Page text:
OPEC sees Africa adding 1.2mn bpd of refining capacity in medium term

OPEC sees Africa adding 1.2mn bpd of refining capacity in medium term
/ bne IntelliNews
By Jennifer DeLay November 8, 2022

OPEC has said, in the latest edition of its World Oil Outlook report, that Africa is on track to add 1.2mn barrels per day (bpd) of primary refining capacity in the medium term, with Nigeria’s Dangote Refinery accounting for more than half of the total.

According to the report, the Dangote Refinery project is the largest downstream project slated for completion in Africa by the end of this decade. It envisions the construction of a refinery in the Lekki Free Trade Zone (FTZ) near Lagos, and it will eventually have a capacity of 650,000 bpd. It is slated to come on stream in 2023 with an initial capacity of 560,000 bpd.

Although the Dangote Refinery is a newbuild plant, World Oil Outlook notes that both newbuild and expansion projects will contribute to the expansion of Africa’s refining capacity in the medium term. Egypt’s 160,000-bpd expansion programme at MIDOR and Algeria’s 110,000-bpd expansion programme at Hassi Messaoud will add distillation capacity, it states.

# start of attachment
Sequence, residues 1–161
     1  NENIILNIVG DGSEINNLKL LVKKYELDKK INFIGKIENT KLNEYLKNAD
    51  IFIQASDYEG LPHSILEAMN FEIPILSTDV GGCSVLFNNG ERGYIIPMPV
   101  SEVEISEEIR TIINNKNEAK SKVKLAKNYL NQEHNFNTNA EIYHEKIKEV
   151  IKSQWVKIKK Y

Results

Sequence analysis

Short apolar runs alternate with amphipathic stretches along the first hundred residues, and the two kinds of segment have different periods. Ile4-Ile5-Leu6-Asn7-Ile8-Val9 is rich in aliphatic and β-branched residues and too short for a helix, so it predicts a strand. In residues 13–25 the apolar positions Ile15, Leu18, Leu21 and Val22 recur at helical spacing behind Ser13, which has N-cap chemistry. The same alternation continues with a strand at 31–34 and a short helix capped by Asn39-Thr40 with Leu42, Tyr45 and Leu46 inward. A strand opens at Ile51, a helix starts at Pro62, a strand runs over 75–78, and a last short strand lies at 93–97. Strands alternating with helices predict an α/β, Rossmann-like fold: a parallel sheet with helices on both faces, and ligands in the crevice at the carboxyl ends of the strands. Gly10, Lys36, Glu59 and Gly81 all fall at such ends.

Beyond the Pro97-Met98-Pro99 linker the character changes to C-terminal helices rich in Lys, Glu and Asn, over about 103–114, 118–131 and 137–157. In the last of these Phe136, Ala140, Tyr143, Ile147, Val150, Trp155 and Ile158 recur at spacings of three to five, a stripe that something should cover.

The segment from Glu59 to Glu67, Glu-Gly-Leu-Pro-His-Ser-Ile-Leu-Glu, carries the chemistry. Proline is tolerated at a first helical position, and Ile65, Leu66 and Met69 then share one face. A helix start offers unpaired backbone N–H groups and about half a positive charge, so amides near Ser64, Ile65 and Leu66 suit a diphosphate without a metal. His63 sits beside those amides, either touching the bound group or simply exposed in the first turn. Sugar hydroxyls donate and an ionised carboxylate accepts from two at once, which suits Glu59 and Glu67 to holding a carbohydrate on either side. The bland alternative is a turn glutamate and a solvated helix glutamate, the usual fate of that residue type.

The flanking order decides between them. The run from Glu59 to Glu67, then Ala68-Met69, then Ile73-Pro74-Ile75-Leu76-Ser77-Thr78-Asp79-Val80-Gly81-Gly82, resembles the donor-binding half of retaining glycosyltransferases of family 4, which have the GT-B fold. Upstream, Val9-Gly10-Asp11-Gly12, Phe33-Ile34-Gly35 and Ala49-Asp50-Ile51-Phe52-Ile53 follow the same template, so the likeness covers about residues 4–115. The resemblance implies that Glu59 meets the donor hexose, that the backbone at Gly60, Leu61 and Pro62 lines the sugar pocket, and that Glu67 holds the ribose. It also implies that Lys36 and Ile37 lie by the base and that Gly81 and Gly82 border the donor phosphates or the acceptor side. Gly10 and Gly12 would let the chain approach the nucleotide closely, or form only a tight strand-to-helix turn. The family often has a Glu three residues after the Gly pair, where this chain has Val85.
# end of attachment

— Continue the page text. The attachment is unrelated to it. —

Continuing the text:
On the newbuild side, it adds, the Republic of Congo will be constructing a 110,000-bpd plant in Pointe Noire while Angola will be constructing a 100,000-bpd plant in Soyo and Guinea will be building a 10,000-bpd plant in Brahms.

Meanwhile, it states, Nigeria, Ghana and Senegal intend to build and commission a number of small modular facilities, some of which may be able to handle as much as 20,000 bpd each.

These refinery construction and expansion projects have the potential to benefit Africa, World Oil Outlook commented, as they could help meet the growing demand for fuel in many African countries, while also reducing net importers’ reliance on foreign suppliers. This dependence has proven to be very financially burdensome this year, as the price rises that have followed Russia’s invasion of Ukraine have made imported fuel very expensive.

Some African states have responded to the price rises by subsidising petroleum product costs, but others have not. As a result, they have had to weather the discontent of consumers hit by inflation for many types of basic goods – not just fuel, but also food, which has become more costly as a result of the Russia-Ukraine war.